The Weekly Standard

Weekly Standard, Mar. 6 and 13 Fred Barnes takes a swipe at the president for fumbling his positions on illegal immigration and the United Arab Emirates port issue, which has served only to alienate his base. Going soft on illegal immigration by pushing a guest-worker program has turned off many conservatives who feel that tightening up the border should be Bush’s first and only immigration policy. The administration should have first pushed stricter border enforcement and then the guest-worker program. On the port issue, Barnes says, the administration should have been quicker to point out that while a UAE company would operate the ports, the U.S. Coast Guard and Customs would oversee security. The only way this family feud can be ended satisfactorily for the president would be to help secure a Republican victory in the upcoming midterm elections, advises Barnes. Given the president sinking approval ratings it’s will be tough, but he managed to do it in 2002, which “was a long shot then, as it is now,” says Barnes.— Z.K.

Time

Time, March 6 The cover posits that the bombing of the holy Shiite shrine al-Askari—what some Shiites are calling their Sept. 11—could be the start of a civil war in Iraq. As the violence between the Shiites and the Sunnis escalates, the inability of the United States or U.S.-trained Iraqi security forces to stop it is troubling, “since any U.S. withdrawal is predicated on Iraq’s taking charge of its own security.” Another concern for the administration is if civil war does break out, then other Arab states could choose sides. At this point, the article says, the only thing the Shiites and Sunnis can agree upon is “that the U.S. is ultimately to blame for the mess.” An article reports on the “Republican rebellion” surrounding the decision to allow a company owned by United Arab Emirates to operate some of the country’s ports. “[N]ervous Republicans … are starting to say privately that they cannot afford to risk their fate on the agenda and instincts of an unpopular President who never has to face the voters again,” the author writes.—Z.K.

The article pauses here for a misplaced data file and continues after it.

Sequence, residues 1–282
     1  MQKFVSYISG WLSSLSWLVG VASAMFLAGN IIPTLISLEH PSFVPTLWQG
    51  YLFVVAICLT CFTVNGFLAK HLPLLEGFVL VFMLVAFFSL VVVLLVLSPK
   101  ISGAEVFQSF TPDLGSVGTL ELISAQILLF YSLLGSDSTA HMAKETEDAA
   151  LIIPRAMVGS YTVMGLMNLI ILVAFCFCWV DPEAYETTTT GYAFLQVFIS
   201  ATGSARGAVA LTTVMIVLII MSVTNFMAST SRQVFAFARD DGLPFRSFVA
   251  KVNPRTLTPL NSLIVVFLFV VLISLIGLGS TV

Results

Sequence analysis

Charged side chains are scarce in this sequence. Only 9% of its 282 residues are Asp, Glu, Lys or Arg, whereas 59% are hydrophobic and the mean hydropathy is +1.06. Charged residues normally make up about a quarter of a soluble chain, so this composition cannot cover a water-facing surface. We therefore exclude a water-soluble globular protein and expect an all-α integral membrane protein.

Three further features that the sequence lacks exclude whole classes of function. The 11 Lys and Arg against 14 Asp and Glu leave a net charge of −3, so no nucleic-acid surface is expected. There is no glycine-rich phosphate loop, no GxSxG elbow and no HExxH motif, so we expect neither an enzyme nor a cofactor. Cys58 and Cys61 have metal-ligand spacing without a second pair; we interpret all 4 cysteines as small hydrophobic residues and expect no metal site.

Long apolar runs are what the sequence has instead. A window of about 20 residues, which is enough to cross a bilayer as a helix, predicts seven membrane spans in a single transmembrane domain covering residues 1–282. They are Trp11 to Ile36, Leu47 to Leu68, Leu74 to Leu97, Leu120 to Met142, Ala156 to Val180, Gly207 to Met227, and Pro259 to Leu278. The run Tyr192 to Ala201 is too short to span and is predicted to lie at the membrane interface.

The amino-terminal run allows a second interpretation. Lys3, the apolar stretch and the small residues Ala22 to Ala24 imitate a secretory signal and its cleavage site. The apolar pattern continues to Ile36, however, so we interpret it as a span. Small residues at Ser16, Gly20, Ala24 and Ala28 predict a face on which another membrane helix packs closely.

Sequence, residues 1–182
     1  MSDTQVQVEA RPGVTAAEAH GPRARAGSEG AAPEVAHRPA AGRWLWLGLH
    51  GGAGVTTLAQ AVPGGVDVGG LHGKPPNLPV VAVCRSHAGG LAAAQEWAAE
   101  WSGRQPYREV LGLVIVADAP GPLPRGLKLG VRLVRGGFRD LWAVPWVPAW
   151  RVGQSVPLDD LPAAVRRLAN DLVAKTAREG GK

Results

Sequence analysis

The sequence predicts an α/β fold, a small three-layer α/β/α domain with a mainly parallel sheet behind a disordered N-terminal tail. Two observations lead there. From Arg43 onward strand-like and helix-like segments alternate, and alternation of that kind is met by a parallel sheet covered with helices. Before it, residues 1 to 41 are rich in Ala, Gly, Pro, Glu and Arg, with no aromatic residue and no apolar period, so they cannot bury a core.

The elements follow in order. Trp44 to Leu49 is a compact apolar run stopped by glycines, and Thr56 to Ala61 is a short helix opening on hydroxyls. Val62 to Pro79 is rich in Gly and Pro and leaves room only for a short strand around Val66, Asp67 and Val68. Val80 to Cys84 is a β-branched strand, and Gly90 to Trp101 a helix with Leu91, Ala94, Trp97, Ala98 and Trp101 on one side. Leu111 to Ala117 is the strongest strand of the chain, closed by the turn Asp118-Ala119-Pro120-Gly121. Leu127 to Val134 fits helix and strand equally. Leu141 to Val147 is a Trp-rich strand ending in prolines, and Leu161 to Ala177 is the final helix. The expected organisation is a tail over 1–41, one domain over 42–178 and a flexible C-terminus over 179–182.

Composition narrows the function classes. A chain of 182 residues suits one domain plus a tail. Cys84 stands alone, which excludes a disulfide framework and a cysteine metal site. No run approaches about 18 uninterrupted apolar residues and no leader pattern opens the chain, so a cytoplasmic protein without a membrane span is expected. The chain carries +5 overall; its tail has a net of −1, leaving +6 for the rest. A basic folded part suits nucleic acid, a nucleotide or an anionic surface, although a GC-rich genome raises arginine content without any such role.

Newsweek

Newsweek, March 6 Fareed Zakaria profiles the country that was the talk of this year’s World Economic Forum in Davos: India. A marketing push sold the country as the “World’s Fastest Growing Free Market Democracy.” Zakaria readily admits that this might cause some to pause, as India’s infrastructure is dilapidated and poverty is rampant throughout slums and villages, but he optimistically notes, “You can feel the change even in the midst of the slums.” … A Web-only review of the Winter Olympics finds that despite lackluster performances by hyped American athletes such as “king of kaput” Bode Miller, lesser-known athletes shined, with Julia Mancuso winning the first U.S. gold medal in the giant slalom and Tanith Belbin and Ben Agosto taking the silver in ice dancing.—Z.K.